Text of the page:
Inside The Making Of Our Favorite Songs From Earl Sweatshirt’s ‘Doris’

earl-sweatshirt-doris At the beginning of the year, Earl Sweatshirt’s debut album, Doris, found its way onto almost every single list of anticipated albums. The buzzy younger brother from Odd Future, long hailed as the group’s premier lyricist, had led a life shrouded in mystery since he first emerged with his debut mixtape Earl in 2010, disappearing to Samoa when his mother thought he was getting into too much trouble.

But his return has led to a resumption of the hype, and his verse on Frank Ocean’s Channel Orange last year, as well as dark, brooding singles like “Whoa” and the emotional “Chum” helped fuel the fire. And now, with Doris streaming online and its release less than 24 hours away, XXL spoke to some of the key people who had a hand in creating the album, from Odd Future cohort Domo Genesis to fellow young rappers Vince Staples and Casey Veggies to The Neptunes’ Chad Hugo, digging into the nuts and bolts of the making of Earl’s official debut.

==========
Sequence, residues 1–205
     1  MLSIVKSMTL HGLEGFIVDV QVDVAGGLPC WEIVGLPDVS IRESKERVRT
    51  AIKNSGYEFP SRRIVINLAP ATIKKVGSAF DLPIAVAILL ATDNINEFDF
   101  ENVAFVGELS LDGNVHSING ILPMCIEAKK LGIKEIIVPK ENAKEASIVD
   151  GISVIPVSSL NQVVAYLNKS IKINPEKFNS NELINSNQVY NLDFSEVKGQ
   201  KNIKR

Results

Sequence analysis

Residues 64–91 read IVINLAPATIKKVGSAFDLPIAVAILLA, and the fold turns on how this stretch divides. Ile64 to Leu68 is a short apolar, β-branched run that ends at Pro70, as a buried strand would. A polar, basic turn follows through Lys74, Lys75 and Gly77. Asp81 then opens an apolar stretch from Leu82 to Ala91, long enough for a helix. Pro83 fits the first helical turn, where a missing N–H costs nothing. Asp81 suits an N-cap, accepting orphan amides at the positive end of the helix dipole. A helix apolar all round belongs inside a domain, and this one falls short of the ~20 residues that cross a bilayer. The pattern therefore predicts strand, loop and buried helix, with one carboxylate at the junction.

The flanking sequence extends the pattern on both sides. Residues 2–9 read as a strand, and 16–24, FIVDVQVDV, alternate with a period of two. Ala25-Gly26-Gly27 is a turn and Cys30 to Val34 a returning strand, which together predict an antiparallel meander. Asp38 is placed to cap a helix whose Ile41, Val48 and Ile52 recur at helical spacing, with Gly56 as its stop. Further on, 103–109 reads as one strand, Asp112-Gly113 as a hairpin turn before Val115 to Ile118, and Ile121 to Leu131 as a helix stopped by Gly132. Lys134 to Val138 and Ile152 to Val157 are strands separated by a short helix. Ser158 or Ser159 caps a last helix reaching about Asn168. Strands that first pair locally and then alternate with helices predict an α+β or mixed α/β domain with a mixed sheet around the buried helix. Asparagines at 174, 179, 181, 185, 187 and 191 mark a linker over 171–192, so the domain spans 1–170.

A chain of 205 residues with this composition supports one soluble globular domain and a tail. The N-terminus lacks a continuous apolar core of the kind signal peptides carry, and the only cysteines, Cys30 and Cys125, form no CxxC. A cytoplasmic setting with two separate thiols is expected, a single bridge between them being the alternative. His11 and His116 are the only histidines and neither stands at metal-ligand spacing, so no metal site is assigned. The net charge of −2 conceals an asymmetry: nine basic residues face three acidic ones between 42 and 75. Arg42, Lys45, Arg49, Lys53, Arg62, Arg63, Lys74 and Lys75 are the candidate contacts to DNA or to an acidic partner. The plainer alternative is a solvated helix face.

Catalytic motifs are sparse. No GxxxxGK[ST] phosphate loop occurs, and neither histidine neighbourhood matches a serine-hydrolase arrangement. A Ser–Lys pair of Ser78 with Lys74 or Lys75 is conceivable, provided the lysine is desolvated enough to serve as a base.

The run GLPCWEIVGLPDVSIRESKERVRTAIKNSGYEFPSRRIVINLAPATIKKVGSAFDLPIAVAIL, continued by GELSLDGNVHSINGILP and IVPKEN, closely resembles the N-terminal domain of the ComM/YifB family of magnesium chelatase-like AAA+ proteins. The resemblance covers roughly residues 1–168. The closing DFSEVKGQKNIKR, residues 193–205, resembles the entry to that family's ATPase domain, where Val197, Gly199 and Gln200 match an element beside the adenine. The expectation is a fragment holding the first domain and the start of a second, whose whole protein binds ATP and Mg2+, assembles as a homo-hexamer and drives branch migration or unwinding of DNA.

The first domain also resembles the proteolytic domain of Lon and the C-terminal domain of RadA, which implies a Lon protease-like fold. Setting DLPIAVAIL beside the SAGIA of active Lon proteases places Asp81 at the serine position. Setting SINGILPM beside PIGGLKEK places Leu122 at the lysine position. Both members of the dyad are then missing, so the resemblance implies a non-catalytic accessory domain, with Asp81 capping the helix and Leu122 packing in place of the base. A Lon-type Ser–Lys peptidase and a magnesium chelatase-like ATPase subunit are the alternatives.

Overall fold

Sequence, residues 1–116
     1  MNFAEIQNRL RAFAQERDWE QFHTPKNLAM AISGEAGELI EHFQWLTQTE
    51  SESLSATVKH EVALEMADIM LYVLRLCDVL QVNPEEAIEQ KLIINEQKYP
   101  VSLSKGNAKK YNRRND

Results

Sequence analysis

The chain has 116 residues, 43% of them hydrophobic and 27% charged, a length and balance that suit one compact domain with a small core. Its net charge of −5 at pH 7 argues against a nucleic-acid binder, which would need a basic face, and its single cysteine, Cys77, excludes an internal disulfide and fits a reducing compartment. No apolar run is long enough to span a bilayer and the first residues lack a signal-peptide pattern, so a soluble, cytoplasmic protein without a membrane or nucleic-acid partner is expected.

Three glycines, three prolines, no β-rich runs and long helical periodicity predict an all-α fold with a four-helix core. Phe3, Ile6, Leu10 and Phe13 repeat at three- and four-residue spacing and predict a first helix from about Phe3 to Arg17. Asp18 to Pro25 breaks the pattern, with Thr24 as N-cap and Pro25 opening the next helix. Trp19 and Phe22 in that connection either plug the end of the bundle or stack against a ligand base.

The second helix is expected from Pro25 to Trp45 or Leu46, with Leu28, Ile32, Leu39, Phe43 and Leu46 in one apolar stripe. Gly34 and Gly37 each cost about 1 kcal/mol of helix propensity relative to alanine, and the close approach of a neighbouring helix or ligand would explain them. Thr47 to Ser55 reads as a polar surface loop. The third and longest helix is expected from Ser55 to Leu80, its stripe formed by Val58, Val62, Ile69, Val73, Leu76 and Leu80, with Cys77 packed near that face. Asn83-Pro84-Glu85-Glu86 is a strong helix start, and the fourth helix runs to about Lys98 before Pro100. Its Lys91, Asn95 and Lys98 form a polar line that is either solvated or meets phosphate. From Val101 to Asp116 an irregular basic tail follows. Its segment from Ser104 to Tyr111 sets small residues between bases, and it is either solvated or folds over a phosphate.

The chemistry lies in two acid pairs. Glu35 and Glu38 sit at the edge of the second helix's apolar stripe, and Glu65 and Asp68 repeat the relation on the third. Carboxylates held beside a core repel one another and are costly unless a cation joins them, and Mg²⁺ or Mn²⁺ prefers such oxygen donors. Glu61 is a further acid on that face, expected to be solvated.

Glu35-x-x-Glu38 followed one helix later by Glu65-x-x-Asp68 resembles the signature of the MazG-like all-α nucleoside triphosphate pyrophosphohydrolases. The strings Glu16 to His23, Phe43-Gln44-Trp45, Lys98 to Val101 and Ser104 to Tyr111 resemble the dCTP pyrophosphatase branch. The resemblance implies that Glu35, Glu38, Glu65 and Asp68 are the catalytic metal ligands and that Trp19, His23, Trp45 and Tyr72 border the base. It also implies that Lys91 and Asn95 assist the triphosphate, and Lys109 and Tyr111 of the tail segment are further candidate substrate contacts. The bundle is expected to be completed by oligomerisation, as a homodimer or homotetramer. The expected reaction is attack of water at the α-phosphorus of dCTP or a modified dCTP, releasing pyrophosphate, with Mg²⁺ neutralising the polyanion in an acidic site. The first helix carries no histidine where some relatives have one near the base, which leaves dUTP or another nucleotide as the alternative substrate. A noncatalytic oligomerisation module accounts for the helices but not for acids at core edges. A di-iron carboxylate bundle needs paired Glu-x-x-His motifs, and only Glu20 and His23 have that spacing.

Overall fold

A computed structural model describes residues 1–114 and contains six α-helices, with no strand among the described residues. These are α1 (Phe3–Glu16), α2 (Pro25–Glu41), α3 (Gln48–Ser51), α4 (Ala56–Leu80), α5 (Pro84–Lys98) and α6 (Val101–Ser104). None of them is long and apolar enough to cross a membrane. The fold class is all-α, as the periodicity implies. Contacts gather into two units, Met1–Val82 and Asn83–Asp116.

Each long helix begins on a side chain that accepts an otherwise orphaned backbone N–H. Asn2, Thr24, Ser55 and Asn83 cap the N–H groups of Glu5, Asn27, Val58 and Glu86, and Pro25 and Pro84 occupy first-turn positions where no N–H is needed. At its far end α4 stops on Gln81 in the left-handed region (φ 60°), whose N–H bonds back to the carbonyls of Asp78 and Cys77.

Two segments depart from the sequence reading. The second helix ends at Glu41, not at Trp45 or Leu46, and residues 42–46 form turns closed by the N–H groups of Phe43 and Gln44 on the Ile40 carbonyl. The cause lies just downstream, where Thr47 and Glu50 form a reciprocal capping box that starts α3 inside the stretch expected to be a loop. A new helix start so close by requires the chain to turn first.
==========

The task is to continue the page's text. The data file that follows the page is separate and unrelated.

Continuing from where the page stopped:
Through these conversations, a few things came to light—the album was largely written and recorded immediately after Earl returned from Samoa over a year ago, meaning many songs have been tweaked and touched up for months, leaving a variety of different versions. Many songs were created on the spot, with Earl just hanging out with friends in his living room or coming across beats and hopping on them in the moment. And Earl has emerged from the process with a bit of a reputation for laying down verses in just one take, a skill that left a couple of his producers seriously impressed. “He’s real chill in the booth and very serious, but once he’s out he’s just a kid,” said Taiwo “Christian” Hassan, who co-produced four tracks on Doris with his twin brother Kehinde, who goes by “Rich.” “He’s a 19-year-old kid, playing around, having fun, talking shit, cracking jokes. And then when he gets in the booth it’s a whole different beast.”